If you are selling a home for the first time the process can be intimidating. Be prepared for your real estate closing by learning what happens and what it all means to you. Watch this segment of Designing Spaces from Lifetime TV to learn more.

For Sale by Owner or “FSBO” vs. Real Estate Agent

You are not required to use a real estate agent to sell property in Florida but it is easier. If you do choose to sell and market your property yourself, there are a few things for you to consider.

FSBO Checklist

  • The market favors sellers
  • You’re not in a hurry
  • You want to save 6% commission
  • You're already have a buyer
  • You have the time and motivation to learn about the process, answer phone calls, and show the property

If these are not true for you, then you should consider using a Real Estate Agent in conjunction with your Attorney.






Real Estate Attorney – Real Estate Agent


Real Estate Attorney - On Your Side

As the only member of your home-buying team who is qualified to give you legal advice, a good Florida real estate lawyer is worth his or her weight in gold during key points of the process. And, as long as your real estate lawyer issues your title insurance, as opposed to a title insurance agency, you won't pay more by involving him or her early on.

Main Duties

  • Provide legal advice and guide you through the closing process.
  • Review the contract and explain all the provisions and contingencies.
  • Prepare, review and explain the Closing Statement or Closing Disclosure and inform you how much money you need to bring to closing.
  • Address related legal matters like income and tax consequences and how you should take title insurance.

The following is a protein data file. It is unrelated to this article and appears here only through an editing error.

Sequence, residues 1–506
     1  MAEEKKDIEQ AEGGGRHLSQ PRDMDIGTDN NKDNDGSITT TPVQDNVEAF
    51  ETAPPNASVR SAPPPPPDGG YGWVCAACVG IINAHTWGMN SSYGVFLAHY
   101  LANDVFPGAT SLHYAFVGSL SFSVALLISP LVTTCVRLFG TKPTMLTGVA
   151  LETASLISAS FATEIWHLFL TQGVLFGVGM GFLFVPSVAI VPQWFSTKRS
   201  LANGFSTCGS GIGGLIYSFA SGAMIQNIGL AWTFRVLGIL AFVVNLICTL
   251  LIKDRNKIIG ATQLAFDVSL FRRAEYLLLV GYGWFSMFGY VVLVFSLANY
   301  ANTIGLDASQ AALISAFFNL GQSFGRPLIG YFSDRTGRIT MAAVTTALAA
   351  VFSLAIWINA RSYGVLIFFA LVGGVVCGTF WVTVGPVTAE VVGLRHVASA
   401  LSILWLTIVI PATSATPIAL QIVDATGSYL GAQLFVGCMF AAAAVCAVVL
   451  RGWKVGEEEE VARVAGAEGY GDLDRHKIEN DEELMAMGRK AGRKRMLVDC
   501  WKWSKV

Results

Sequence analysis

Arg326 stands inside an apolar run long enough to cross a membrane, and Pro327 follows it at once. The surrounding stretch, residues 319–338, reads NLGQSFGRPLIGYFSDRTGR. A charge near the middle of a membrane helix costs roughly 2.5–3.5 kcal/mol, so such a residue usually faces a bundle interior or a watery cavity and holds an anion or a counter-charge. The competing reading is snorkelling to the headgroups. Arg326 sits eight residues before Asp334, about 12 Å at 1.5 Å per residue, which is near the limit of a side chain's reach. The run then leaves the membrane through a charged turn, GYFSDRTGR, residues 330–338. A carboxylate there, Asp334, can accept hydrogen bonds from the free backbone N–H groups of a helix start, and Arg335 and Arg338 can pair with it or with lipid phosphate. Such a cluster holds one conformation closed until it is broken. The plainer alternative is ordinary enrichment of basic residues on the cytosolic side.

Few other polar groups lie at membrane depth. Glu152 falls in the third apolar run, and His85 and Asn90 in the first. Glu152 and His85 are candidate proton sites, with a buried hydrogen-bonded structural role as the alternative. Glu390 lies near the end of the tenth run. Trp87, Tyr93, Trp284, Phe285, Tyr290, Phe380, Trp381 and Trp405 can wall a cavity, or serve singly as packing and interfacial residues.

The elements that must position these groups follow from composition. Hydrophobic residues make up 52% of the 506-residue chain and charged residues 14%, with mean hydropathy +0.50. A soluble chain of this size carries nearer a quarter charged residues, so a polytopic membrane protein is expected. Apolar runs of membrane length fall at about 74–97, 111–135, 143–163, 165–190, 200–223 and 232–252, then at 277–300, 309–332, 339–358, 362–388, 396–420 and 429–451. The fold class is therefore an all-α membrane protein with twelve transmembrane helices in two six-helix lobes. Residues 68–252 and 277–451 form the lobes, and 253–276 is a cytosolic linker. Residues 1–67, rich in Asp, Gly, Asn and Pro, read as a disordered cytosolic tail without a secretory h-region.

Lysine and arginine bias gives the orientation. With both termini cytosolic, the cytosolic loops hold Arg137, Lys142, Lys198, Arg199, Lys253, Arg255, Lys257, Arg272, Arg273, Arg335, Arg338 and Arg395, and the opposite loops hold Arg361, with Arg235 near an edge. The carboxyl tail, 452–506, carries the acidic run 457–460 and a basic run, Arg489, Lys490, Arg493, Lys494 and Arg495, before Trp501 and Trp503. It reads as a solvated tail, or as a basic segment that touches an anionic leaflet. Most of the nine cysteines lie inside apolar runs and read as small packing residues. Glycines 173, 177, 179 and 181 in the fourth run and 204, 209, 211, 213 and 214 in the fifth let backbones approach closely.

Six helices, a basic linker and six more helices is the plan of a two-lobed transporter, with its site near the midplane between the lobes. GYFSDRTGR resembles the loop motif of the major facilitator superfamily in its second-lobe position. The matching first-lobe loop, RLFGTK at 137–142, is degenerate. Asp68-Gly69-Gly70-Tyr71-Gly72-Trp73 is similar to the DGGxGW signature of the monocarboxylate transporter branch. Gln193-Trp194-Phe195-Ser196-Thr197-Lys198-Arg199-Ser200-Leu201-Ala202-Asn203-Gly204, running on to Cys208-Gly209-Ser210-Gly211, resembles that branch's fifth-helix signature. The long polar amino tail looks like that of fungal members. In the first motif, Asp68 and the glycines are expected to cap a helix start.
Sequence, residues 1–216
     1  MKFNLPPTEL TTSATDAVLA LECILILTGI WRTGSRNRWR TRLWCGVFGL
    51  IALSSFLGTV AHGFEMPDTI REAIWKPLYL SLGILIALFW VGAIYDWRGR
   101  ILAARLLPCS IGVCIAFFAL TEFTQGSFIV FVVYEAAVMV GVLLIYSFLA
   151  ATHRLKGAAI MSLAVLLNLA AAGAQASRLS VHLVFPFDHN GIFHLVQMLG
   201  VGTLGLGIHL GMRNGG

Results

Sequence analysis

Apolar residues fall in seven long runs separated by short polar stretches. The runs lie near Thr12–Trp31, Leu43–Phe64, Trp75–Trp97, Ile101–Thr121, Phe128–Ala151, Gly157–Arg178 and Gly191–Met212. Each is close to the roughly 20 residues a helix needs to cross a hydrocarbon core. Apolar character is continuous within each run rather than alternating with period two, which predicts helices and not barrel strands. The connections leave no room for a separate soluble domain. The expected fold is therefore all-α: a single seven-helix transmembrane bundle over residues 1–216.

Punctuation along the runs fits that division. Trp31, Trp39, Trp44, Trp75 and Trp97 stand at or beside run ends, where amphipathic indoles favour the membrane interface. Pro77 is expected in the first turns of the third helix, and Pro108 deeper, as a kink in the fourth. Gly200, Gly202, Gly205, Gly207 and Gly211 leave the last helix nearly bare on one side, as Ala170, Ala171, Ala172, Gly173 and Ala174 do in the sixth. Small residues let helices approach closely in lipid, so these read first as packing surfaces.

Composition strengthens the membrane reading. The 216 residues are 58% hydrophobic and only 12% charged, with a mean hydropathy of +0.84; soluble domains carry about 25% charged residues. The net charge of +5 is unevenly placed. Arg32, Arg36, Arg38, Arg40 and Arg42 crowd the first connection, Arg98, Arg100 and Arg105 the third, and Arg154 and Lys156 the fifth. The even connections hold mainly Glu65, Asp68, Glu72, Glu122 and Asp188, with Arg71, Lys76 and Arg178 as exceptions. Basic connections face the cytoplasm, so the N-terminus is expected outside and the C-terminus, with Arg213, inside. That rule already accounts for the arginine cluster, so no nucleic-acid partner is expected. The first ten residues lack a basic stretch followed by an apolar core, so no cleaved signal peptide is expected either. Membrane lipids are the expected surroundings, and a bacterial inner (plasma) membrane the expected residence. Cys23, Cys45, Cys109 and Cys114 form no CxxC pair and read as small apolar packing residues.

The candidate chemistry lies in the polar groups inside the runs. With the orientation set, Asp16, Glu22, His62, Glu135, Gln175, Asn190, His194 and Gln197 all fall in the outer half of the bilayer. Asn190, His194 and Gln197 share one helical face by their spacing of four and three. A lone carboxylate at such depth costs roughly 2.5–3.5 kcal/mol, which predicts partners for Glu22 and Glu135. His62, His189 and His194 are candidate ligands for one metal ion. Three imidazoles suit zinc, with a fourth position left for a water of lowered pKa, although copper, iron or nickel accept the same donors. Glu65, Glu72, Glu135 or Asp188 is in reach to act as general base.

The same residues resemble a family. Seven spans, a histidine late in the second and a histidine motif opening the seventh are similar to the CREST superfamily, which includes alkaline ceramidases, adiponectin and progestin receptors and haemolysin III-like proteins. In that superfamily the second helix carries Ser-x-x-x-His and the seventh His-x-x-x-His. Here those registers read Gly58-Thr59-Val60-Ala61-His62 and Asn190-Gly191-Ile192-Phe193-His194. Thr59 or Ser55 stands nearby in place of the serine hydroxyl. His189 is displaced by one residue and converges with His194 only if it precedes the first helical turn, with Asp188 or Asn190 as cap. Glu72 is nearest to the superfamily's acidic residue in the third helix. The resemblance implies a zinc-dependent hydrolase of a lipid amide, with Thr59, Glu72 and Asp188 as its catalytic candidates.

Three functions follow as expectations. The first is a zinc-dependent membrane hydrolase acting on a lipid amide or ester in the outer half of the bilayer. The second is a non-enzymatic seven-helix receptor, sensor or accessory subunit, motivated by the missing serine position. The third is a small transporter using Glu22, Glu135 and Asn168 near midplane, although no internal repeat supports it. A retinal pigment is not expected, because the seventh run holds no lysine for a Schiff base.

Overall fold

Real Estate Agent - You Need to Sell the House

Four out of 5 homes sold in the US annually are sold through a real estate agent – for good reason. They can provide a selection of services to market your property and help you find a buyer. An experienced real estate agent will have a valuable understanding of the local market, which enables them to price your property appropriately. They will showcase your property on popular real estate websites and handle all the inquiries and showings. Most Real Estate Agents in Florida are “transaction brokers,” which means that they do not represent the seller or the buyer. One agent may be described as the “seller’s agent/broker” and one may be the “buyer’s agent/broker,” but the agent does not have any ethical requirement to act in the best interest of their client. So what does that mean? Let’s say you are negotiating to sell an investment property. You tell your real estate agent how much you would be willing to reduce the sales price. Your agent can share that information with the buyer. This does not mean the agent will not take wonderful care of you. It just means they do not represent you; they represent the transaction.

Main Duties

  • Use their unique knowledge of the local real estate market to help you sell your property.
  • Advise you on staging your property for maximum impact.
  • Work with buyer’s agents to arrange property tours for them and their clients.
  • Interact with buyer or buyer’s agent to negotiate price and terms for the property.





Let’s get Honest

Just because you love your property does not mean it is problem free. You have to be forthcoming about its flaws, and that is what the seller’s disclosure is all about. You must disclose any material defect not readily visible to the buyer, like a crack in an exterior wall hidden by a bush or the fact that your bathroom flooded a few years ago. Your real estate attorney or agent will walk you through completing the required form.


What can happen if you choose not to disclose?